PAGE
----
Never before in the history of war has the food question played so large a part as in the present world war. This is true both because a larger area was cut off from production on account of the draft of laborers into the armies, and also because transportation has been probably more difficult than ever before. Undoubtedly, there was a time within the past three years when a large part of the world was on the verge of starvation because of shortage of supplies. Owing to heroic measures adopted by warring countries, and more especially by our own, we avoided this catastrophe.
Of course, the difficulty was seen early by the countries at war and measures were taken not only to increase their own production, but to reduce consumption as far as possible. Before we entered the war we had become, in a large degree, the source of the world's food supply. On our entry the duty of feeding the world lay upon us still more heavily, for we had not only to care for our people at home, but for our soldiers abroad, and supply a large part of the food of our allies. Here, as in Great Britain, the measures were of two kinds, the stimulation of production and conservation in consumption.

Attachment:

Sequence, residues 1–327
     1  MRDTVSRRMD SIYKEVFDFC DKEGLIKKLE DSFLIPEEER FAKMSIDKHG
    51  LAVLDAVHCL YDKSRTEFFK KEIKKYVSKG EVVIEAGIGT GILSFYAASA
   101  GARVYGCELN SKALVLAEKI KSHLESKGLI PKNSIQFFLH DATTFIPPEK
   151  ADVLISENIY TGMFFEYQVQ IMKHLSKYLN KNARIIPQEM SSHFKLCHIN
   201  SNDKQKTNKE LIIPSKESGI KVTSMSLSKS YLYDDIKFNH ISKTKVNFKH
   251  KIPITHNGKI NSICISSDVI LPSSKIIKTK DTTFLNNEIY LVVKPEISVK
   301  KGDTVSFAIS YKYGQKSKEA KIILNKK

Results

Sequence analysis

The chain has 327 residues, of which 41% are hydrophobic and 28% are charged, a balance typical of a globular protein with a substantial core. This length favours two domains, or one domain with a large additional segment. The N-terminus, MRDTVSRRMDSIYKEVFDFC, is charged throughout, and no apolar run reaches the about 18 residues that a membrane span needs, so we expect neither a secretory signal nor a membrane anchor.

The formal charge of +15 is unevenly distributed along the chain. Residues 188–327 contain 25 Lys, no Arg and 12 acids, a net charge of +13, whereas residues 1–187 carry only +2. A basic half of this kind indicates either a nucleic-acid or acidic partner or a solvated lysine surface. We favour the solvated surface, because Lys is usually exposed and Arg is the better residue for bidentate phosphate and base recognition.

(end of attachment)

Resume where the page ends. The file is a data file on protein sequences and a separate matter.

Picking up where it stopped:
At the opening of the war we had no patent plan or policy of national scope with reference to agricultural production nor, indeed, have we developed one. A great deal has been said and written on the subject since the spring of 1917, but much of it was beside the mark and really little has been done to organize our agricultural resources in a large way. Indeed, the matter was one of great difficulty because of the rapid draft of labor from the field. Notwithstanding these difficulties, however, the farmers and other food producers of the country responded nobly and produced results which, under the circumstances, have been very remarkable.